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Things Parents Can Do to Help With Social and Emotional Development in Their Children
byNina MakofskyDec 06, 2012
Navigating the twists and turns of parenthood can feel like guesswork at times. However, there are some basic and long-term strategies parents can adopt that make their jobs easier and also boost children's social and emotional development. Being there for your children, interacting with them at their developmental level and providing tools and resources that challenge them will work wonders for your relationship and your children's overall development.
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Learning about children's milestones at various ages and stages will help you understand your child's developmental needs and what you can do to meet them. "Learn about the stages of child development, what's appropriate at each stage in terms of behavior and what steps are most important to enhance a child's growth at each of those stages," says Ben Tanzer, the senior director of strategic communications at Prevent Child Abuse America and a former caseworker at the New York Foundling Hospital.
Kristin Reinsberg, family therapist, suggests several long-term strategies that parents can adopt to support their children's social and emotional development. These strategies include being a responsive caregiver and watching your children's preferences and challenges during play, showing affection to your children, maintaining a safe environment that also allows for you child to explore and experiment, showing an interest in children's activities, supporting their emerging skills, talking about emotions in an age-appropriate way and valuing differences.
Tanzer says, "I encourage parents to trust their instincts, no one knows their children better than they do." That said, parents can also embrace the resources available to support their children in getting to a new stage of social and emotional development. If your toddler needs help learning how to play, consider joining a neighborhood parents' group or attending a public library program geared toward infants and toddlers. Inspire your preschooler to role-play and fantasize by signing him up for an art or dance class at the recreation center. If your school-age child needs help managing emotions or navigating conflicts, a school counselor or health care professional can help with anger management strategies and relaxation techniques.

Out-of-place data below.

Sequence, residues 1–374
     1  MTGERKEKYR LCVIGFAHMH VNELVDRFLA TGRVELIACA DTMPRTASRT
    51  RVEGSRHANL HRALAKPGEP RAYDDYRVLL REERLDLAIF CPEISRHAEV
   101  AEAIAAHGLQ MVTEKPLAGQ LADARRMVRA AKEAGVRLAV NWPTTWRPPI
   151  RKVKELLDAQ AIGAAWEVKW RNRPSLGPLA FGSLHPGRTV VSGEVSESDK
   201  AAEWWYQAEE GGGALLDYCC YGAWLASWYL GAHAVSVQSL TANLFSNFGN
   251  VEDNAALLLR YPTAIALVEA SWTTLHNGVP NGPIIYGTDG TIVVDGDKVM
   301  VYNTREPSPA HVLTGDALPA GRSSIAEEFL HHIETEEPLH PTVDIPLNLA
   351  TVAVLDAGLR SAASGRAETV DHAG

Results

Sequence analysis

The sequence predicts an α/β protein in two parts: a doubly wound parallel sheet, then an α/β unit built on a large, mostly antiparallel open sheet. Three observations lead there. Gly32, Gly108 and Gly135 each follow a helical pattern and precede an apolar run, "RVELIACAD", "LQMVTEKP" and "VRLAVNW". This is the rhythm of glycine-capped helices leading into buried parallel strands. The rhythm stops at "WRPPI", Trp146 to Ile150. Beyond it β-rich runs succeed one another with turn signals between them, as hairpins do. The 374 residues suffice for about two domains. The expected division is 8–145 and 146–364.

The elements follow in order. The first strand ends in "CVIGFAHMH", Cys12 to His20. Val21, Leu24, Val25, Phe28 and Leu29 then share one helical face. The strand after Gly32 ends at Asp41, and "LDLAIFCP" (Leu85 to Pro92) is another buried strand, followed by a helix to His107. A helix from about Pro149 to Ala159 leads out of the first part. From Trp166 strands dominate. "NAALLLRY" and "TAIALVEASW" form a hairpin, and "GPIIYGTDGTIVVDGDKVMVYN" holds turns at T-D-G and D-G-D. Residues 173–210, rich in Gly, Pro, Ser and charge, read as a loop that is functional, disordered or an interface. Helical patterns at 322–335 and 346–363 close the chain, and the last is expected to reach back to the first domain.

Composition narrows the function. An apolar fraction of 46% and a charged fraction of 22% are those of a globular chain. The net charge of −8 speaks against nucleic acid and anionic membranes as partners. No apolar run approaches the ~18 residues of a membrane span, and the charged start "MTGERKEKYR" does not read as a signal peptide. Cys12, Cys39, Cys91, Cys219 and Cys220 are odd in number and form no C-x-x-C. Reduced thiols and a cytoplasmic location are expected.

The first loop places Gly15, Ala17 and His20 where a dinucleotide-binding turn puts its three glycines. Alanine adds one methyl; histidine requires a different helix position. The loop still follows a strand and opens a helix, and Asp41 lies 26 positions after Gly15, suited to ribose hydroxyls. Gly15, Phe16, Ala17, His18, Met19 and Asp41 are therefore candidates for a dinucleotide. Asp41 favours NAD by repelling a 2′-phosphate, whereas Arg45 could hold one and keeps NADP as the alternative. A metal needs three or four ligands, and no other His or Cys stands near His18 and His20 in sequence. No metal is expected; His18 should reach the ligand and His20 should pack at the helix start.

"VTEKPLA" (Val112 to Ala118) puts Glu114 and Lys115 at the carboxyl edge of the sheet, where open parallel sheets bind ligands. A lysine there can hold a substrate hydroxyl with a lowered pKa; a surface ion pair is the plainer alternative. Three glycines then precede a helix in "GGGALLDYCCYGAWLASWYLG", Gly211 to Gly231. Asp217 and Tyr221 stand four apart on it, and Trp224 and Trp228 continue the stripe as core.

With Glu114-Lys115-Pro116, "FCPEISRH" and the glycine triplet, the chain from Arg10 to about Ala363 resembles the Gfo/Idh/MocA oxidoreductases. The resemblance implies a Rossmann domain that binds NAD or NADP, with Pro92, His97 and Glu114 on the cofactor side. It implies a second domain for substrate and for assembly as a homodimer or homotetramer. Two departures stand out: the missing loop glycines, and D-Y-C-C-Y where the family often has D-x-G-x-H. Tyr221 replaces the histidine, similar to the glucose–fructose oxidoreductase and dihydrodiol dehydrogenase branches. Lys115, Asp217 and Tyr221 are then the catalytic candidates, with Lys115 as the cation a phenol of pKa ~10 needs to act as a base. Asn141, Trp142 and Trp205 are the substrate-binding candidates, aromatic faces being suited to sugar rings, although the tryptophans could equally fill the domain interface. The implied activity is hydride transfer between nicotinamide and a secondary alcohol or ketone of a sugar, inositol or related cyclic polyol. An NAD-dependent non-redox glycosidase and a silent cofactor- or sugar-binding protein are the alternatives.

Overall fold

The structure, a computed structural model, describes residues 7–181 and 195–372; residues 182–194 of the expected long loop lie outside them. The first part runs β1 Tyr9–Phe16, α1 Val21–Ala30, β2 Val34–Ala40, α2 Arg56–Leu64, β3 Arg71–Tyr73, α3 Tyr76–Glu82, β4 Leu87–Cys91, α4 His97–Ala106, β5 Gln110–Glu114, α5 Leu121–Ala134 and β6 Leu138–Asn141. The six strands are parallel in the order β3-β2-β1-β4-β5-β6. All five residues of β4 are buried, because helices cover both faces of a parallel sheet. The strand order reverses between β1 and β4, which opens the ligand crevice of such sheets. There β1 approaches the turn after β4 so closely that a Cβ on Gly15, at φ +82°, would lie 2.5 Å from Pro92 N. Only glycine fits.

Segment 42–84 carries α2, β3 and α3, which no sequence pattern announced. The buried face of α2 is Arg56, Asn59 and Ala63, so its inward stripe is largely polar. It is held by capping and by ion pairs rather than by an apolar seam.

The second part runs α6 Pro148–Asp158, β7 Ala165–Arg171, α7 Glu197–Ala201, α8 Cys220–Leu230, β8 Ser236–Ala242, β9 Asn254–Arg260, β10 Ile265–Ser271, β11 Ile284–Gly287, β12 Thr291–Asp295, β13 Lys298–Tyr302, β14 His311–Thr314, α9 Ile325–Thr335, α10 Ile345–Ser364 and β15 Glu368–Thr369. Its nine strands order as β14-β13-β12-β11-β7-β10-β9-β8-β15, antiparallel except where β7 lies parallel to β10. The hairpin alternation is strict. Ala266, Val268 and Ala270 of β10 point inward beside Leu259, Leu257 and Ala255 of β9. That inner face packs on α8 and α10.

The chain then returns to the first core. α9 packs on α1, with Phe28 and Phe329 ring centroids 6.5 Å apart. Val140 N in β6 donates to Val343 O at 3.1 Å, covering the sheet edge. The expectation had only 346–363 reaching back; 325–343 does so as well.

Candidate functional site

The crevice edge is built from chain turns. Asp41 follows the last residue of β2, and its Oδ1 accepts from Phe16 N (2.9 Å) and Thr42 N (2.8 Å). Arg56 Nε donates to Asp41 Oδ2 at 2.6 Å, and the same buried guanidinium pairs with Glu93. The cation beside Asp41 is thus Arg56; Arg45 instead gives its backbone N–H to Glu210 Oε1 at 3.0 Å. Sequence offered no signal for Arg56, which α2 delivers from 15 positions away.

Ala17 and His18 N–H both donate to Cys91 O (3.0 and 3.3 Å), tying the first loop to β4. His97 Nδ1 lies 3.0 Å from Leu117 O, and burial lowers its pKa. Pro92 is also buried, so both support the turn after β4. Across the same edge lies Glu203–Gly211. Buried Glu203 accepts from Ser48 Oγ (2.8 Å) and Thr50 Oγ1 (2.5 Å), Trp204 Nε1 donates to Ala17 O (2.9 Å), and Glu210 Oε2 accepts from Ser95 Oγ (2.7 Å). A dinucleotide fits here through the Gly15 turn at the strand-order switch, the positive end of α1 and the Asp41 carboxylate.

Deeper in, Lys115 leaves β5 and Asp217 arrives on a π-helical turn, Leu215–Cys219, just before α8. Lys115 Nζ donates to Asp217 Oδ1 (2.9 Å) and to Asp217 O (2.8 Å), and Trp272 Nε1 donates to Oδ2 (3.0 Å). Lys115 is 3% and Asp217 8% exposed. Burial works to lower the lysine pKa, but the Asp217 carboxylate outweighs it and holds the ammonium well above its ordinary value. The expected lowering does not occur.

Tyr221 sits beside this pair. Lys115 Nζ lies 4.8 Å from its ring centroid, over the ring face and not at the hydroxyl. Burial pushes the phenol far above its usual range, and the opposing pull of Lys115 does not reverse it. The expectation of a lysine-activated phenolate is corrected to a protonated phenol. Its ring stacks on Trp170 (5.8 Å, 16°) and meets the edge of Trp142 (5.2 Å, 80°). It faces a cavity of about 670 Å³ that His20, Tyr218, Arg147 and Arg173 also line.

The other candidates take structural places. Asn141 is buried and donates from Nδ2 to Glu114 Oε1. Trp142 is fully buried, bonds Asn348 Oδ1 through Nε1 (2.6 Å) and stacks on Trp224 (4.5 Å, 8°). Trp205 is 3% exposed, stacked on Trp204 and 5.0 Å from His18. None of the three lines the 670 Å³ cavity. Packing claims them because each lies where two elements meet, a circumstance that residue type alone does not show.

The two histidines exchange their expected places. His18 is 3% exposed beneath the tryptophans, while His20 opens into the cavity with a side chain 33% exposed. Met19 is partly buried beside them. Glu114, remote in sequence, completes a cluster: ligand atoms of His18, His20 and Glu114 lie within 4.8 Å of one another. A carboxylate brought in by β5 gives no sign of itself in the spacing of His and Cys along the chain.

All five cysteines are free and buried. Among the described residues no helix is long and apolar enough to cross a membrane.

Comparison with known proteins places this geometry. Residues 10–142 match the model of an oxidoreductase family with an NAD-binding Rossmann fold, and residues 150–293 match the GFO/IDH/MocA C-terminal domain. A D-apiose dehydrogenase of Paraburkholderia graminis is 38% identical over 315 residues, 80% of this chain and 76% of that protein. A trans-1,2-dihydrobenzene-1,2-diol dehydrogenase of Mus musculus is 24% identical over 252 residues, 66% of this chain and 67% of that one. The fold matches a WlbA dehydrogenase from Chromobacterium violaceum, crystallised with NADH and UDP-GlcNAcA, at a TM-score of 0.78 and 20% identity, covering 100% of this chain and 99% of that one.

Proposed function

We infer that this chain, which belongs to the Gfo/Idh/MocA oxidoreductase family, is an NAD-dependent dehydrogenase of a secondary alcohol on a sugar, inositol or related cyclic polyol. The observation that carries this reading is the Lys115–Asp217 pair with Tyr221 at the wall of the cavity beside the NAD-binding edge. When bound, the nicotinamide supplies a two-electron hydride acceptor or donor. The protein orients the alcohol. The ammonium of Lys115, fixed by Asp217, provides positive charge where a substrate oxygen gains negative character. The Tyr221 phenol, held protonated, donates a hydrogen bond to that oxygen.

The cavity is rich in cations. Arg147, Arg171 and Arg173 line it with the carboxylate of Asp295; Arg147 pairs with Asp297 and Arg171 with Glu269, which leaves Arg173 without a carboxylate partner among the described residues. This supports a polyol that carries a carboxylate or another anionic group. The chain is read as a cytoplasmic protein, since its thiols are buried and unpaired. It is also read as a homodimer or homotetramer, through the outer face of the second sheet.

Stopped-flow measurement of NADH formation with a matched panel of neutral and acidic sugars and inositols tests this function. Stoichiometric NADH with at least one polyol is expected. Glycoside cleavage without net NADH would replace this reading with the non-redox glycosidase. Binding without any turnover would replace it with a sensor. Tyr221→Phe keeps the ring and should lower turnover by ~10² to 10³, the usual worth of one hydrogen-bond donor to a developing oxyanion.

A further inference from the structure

The Technical Assistance Center on Social Emotional Intervention has an approach parents can use to guide their children through challenging patches in their emotional development. Select books with characters and situations your child relates to. Read a book together and discuss questions and comparisons the story brings up. The Center recommends Glad Monster, Sad Monster by Ed Emberley and Anne Miranda to talk about feelings and how they change. Guide your child through peaceful conflict resolution with Martine Agassi's Hands Are Not For Hitting. Talk about differences and making friends while reading Marcus Pfister's The Rainbow Fish. Explore the themes of fear and bravery during a telling of Pete Seeger's Abiyoyo.
Through all the ages and stages, one of the fundamental ways parents support their children's social and emotional development is by helping them have a positive self-image. PBS.org says skip the empty praise and head right for the specifics. Tell a child, "I saw how hard you worked on the playground to finish the monkey bars" or "We appreciated how you picked up your toys off the floor of your room."
Another way you make your child feel worthwhile is by showing him respect. Explain rules and consequences. Take the time to listen to his concerns. Ask for his opinions and input when making decisions. Make him feel competent by providing developmentally appropriate challenges that intrigue him rather than frustrate him.